We worked our 5 acre field quickly and purposefully, with Blitz covering huge chunks of territory, and Fuzzy and I shooting well.  While it felt like we had been hunting a long time, when Blitz finally brought our fourth and final bird back to my had, our judge yelled out, “TIME!  8:32!”  I was thrilled!  What a great performance, especially when one considered that many of the dogs running the trial had not found all five of their birds in the 20 minute time limit. 

I was grinning as I put Blitz back on lead and walked with Fuzzy and our judge back to the start.  “How did we do?” Fuzzy inquired of our field judge.  “Not bad,” the field judge replied, “But you guys wasted time at the start when she pinned the gate bird.  One of you should have been moving out and getting ready for the flank bird.”  “What?” I asked.  “What’s a gate bird?” 

“Haven’t you guys done this before?”  he replied.  I answered that this was our first time. 
“You have to be kidding,” he said.  “You see, there are set bird areas, and I figured you guys just knew but were jacking around.  You’ve really never run this before?” 
“No.  I mean it is the ‘novice’ flight, right?” 
“Bah.  Nearly every one of these dogs out here has run this kind of competition multiple times.” 
“So, is 8:32 good?” 
“Hell yes, especially if this is your first time out.” 
“Think we’ll be in the running?”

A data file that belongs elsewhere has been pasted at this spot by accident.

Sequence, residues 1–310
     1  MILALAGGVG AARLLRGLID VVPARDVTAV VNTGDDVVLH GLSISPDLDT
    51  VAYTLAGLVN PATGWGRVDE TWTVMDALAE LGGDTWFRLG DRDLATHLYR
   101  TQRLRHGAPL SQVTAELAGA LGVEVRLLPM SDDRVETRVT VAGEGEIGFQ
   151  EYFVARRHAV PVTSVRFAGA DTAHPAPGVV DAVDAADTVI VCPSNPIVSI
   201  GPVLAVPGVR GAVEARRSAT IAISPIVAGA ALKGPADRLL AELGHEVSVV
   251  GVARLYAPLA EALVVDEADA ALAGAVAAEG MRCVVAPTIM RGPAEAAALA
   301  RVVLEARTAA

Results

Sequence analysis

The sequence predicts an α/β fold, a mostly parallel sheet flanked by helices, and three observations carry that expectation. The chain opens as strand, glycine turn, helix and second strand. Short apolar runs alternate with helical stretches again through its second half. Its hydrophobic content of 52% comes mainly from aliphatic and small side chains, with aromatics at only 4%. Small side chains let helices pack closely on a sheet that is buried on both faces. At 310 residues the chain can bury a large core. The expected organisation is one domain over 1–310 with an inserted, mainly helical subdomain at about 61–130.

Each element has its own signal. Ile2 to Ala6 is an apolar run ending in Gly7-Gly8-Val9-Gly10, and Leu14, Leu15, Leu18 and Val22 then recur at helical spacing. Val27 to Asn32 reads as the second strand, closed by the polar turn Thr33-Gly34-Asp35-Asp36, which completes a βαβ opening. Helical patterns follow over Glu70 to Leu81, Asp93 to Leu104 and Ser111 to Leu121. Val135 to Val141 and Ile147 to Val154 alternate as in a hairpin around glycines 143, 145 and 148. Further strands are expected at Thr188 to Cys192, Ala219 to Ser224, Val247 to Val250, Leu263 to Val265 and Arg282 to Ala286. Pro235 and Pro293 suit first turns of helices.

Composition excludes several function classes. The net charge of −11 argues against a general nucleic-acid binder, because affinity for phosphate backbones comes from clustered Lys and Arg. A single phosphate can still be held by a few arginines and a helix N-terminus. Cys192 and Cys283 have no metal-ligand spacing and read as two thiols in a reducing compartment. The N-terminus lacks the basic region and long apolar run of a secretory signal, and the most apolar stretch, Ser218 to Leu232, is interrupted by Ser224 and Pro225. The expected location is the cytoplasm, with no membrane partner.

“Nope.  Not at all.  Winner will come in with something well under five minutes.” 

I must have look dejected, because he immediately followed that with “Hey, you have an incredible dog there.  I’ve not seen her equal when it comes to nose.  Seriously.  You should be very proud.  If you choose to really get into this, she could be awesome.”  I replied that we were hunters, not competitors, and that I was satisfied with our first time out and getting an indication of where she stood. 

We all shook hands and Fuzzy and I headed back to the truck.  Once there, I got out a bowl of water for Blitz as we discussed the whole new experience.  We both agreed that it was a fun, but given the rules and attitudes we encountered, we’d probably stick with the straight hunting. 

We hit a lull in the conversation and stood there in silence, watching Blitz finish her water.  We were both feeling the pressure of the elephant in the room.  It was uncomfortable - even oppressive - and I finally needed to address it.  I blurted out, “Dude, seriously, what the hell was that back there on the first bird?” “I told you, I choked," Fuzzy honestly and sheepishly replied 

What can a guy say to that?  Not much, although every once and a while when I have been in the field with him since where he’s made his favorite shot, I remind Fuzzy of a pretty spring morning, a beautiful rooster pheasant, a pressure-filled moment, and three full charges of Federal’s finest upland ammunition touching nothing but the gorgeous blue sky.